So by throwing me the promise of a new investigation, then simply ignoring me for nearly 8 months, they had played the system and made it impossible for me to comply with the SPSO conditions, as the “matter” had occurred more than a year ago by the time I received the close out on 11th March.

Obviously I tried to make the SPSO see the tactic, but to no avail, they are not flexible and insist that their charter does not allow them to be flexible.

Their willingness to play the rules to avoid investigation is worrying enough, but if you read the words of their General Manager, “important to determine whether there had been incompetence or whether there was a malicious element.” He acknowledged that the CAST team may be led by a malicious nurse, something you would hope it was part of their duty to discover – complaint or no complaint. But apparently 8 months later they are not really bothered if they were sending a malicious nurse into people’s homes or not. Apparently following the process is more important than doing their duty as Managers or Directors.

So, beware, Fife NHS understands the system, they are experts at delaying - blatantly reneging on promises to delay a complaint does not appear to trouble their conscience. If you are launching into a complaint with the NHS, learn the rules early, because time is against you, as is the NHS.

NHS Fife's Devious Complaints System

I have had an on-going complaint against Fife NHS for 6 years now, it is, as far as they are concerned closed, although a legal letter has been logged with them for some time now.

It is a long and convoluted case, during which Fife NHS and in particular, their Central Assessment & Support Team (CAST) have behaved in a manner consistent with the 10 Devious Strategies you have listed on your website, but there have been a few additional ones as well. One very clear avoidance strategy involved The Nursing and Midwifery Council, NMC.

I raised a complaint against a Fife NHS nurse, a member of CAST, due to her behaviour after an assessment, of which she was in charge. In addition to raising a complaint with Fife NHS, I raised a complaint with the NMC, as they have the power to remove an individual’s right to operate as a nurse if they think the person does not meet the required level of skill, or breaches the code of conduct.

Although I was still requesting information from the NHS to support my complaint and had not even fully detailed my initial complaint, it was dismissed by Fife NHS. The paragraph below is from their close out letter,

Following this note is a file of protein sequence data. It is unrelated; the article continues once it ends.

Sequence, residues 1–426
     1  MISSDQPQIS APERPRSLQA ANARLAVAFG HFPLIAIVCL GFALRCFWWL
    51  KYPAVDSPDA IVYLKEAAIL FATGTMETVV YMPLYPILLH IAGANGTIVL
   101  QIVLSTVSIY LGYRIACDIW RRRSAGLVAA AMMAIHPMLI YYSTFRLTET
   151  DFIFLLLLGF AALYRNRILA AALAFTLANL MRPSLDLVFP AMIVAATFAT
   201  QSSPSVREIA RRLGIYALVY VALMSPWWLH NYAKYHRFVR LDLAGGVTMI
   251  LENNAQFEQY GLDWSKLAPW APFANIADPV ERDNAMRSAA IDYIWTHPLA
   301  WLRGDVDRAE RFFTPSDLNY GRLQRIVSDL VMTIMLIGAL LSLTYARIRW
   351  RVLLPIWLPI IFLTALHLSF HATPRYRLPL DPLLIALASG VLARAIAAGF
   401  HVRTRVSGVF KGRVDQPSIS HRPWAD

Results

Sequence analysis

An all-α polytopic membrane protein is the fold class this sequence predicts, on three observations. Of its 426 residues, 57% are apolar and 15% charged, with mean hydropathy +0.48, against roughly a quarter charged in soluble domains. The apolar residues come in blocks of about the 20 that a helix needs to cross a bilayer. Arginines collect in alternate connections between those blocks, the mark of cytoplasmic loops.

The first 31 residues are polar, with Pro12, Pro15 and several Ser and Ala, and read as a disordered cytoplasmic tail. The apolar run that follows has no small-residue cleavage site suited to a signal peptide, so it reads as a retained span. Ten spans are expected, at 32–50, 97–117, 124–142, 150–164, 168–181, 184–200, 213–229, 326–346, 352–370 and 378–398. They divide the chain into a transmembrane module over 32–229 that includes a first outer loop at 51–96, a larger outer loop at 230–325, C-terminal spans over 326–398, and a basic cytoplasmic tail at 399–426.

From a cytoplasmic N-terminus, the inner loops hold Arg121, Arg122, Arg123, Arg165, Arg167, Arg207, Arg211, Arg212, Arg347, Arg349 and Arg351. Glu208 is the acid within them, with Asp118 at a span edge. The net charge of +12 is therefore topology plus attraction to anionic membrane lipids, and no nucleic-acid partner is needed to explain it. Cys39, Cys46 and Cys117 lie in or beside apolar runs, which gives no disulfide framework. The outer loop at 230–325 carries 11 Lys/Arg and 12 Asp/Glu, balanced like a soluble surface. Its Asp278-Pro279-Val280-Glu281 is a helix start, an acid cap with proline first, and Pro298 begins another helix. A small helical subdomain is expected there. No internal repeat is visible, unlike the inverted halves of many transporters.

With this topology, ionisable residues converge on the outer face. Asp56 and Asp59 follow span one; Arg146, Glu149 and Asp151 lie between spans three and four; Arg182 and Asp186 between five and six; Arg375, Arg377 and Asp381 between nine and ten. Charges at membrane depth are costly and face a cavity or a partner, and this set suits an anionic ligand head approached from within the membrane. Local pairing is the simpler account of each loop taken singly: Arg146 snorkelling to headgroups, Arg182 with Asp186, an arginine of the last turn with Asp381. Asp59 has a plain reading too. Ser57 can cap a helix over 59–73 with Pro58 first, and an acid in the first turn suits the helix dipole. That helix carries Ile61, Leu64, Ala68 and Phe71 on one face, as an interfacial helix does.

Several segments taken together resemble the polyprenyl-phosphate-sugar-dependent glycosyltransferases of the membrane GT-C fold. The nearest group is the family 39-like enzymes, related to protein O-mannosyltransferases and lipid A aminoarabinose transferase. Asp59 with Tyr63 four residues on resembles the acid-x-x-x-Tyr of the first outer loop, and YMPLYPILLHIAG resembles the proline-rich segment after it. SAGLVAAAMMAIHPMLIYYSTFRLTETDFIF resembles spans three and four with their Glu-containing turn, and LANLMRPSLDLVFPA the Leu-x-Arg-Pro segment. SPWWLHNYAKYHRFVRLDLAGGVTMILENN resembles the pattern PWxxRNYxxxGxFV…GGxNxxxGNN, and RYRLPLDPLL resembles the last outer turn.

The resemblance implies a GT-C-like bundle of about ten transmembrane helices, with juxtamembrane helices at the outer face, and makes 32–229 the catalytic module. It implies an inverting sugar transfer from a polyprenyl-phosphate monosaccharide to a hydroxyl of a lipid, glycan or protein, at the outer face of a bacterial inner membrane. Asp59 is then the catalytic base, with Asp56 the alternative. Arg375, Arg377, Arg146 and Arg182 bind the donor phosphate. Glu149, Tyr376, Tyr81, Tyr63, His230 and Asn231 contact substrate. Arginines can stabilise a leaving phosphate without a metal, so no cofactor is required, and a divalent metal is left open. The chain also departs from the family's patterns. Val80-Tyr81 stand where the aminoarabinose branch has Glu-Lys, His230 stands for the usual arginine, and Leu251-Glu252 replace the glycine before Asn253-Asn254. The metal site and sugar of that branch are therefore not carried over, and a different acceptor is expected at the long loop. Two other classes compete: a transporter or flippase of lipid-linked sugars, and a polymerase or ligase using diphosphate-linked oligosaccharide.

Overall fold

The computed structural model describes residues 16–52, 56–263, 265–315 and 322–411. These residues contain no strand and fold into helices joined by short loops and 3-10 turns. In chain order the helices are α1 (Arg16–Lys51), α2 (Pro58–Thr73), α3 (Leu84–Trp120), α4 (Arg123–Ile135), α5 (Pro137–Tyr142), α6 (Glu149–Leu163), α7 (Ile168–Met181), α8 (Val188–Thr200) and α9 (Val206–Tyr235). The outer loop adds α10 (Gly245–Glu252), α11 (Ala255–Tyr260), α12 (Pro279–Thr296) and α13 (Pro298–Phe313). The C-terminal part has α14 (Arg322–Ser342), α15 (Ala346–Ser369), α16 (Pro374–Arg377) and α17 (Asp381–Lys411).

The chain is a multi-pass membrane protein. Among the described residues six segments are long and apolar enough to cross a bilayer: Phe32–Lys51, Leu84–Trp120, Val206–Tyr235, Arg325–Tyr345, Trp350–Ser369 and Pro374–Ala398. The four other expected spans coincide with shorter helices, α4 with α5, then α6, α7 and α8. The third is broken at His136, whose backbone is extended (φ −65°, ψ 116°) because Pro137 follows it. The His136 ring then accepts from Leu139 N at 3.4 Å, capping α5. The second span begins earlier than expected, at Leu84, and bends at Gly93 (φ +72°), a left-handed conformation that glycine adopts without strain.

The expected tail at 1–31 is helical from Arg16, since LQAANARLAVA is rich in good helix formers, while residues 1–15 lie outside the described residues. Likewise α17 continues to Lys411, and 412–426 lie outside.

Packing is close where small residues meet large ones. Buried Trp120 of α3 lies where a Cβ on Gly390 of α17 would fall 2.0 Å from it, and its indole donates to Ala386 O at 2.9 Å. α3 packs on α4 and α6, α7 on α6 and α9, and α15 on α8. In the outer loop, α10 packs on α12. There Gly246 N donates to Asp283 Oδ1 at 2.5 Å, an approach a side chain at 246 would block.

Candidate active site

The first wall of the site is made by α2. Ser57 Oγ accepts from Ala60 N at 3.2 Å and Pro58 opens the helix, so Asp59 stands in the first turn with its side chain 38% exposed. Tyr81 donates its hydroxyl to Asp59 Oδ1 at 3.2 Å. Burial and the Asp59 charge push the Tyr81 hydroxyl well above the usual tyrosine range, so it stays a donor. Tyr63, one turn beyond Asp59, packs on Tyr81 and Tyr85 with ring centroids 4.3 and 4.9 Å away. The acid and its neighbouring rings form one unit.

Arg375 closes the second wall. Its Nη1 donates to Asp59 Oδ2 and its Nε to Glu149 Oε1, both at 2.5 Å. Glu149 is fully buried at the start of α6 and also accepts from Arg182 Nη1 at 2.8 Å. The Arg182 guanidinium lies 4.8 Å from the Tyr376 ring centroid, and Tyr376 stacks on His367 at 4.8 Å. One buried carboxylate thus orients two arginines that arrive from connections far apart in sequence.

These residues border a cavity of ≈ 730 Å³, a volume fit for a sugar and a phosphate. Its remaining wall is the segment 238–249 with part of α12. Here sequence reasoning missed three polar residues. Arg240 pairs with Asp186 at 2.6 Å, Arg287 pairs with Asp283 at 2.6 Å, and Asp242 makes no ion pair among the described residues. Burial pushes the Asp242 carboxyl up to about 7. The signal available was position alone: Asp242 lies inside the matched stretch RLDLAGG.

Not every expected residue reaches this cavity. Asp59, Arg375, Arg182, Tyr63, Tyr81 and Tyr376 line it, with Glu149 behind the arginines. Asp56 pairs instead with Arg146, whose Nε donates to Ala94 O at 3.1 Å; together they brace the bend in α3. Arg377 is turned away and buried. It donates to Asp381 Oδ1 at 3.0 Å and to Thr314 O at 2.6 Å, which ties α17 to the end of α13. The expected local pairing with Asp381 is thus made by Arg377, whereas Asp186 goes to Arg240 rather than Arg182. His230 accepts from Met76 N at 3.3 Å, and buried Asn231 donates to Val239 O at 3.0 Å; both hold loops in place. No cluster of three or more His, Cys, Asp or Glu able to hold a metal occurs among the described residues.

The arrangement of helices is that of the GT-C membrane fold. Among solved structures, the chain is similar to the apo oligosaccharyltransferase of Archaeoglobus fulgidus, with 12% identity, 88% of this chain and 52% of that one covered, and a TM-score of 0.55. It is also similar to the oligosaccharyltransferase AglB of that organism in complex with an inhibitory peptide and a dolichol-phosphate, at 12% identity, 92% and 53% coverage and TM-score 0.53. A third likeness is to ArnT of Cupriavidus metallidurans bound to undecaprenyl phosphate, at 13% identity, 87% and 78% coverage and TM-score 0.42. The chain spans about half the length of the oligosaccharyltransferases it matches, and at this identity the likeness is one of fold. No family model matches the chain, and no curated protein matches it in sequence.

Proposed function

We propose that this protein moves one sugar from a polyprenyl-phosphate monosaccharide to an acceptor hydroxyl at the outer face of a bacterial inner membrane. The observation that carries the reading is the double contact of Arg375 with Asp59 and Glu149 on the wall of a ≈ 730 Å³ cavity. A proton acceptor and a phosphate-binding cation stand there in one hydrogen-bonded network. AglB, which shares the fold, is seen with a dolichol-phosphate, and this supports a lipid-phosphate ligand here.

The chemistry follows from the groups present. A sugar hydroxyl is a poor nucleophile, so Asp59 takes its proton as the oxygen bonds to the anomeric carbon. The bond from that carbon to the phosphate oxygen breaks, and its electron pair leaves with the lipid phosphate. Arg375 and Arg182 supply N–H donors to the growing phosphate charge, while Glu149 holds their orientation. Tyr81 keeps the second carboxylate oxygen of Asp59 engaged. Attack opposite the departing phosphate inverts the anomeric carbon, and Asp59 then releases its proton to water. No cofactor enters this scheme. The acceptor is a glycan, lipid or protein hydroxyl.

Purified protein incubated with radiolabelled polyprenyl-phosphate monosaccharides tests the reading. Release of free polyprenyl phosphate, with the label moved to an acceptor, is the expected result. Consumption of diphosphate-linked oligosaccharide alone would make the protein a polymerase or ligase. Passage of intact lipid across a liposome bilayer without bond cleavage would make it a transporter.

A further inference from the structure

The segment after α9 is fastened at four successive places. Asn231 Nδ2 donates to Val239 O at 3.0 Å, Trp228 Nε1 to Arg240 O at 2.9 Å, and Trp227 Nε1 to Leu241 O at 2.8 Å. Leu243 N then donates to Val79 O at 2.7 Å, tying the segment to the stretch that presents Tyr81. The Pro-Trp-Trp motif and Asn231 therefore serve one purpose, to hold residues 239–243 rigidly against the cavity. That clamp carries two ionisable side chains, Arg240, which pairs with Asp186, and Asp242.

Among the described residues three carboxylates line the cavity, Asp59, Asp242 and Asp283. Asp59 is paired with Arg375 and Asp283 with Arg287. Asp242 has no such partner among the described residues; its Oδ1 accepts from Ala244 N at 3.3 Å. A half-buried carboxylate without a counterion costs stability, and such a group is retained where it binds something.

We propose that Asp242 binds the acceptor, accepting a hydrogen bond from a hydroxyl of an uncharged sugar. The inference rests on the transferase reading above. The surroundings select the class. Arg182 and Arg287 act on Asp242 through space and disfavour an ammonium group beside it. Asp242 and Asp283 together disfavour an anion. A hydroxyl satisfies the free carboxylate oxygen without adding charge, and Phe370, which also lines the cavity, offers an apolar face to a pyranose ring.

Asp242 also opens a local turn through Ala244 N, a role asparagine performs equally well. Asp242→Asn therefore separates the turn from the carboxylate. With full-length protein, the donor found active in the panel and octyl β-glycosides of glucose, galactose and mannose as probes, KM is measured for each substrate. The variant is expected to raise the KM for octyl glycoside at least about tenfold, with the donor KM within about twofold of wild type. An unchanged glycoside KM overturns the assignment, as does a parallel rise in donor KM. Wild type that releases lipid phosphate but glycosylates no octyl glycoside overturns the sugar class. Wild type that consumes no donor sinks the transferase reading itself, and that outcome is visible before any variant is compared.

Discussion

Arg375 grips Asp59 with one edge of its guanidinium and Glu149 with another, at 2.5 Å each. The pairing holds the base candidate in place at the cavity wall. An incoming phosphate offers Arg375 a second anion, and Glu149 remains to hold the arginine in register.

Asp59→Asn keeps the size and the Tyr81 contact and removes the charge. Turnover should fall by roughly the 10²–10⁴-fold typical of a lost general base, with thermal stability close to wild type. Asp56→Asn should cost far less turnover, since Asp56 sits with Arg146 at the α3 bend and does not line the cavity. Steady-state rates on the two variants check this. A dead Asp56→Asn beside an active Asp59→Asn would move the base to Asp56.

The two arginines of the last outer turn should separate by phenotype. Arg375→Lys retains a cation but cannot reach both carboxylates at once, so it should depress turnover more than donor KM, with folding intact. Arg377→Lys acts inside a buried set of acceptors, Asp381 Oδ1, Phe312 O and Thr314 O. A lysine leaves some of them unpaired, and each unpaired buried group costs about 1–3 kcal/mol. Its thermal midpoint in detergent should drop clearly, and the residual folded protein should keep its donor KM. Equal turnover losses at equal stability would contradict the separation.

“Also I would like to point out that it is not my intention to revisit any professional issues that have been raised with the Nursing & Midwifery Council in respect of the nurse as I understand that the NMC have decided that there is no case to answer.”

The NMC also dismissed my complaint, with the following statement in their report,

“Furthermore the panel noted that the employer had no concerns in respect of the professional standards of the registrant, had taken no action and continued to employ her. The panel therefore agreed that there was no real prospect of a finding of impairment of fitness to practice being made.”

This circular closer all sounds a bit convenient. But, if you think of the logic of this, it is even worse than that, it is impossible. One of the organisations must have completed their investigations first; they then can’t have quoted the other investigation, because by definition it has still to be completed. The only way this is possible is if they colluded before writing their reports. This means at best there is only one investigation, but in reality there is every chance this strategy could be used to avoid either organisation actually carrying out an investigation at all. Perhaps the thing I should be most insulted about is that they thought I would not notice!

As a footnote, armed with this point and substantial amounts of new information, I asked both Fife NHS and the NMC to reopen the investigation. The NMC at least had the decency to agree to reopen the case, if only they had also had the competency to actually carry one out. In their first new attempt they investigated the wrong nurse. In their second new attempt they investigated the right nurse but for a complaint I had never made. When I pointed this out to them again, their lawyer wrote to say it did not pass the “legal test” to be reopened. This is another Devious Strategy worth ending on - the application of a very narrow definition of what will be investigated by these bodies, never to the advantage of the victim.

NHS Fife surgeon, Stuart Oglesby, 'failed to assess patient's fitness for surgery'

According to the General Medical Council, Mr Stuart Oglesby, an NHS Fife surgeon, made a catalogue of errors in his medical examination of the patient:

  • ‘It is important, however, that any decisions made are with the full understanding of the patient and relatives, and it would appear that his consultations were deficient in this respect.’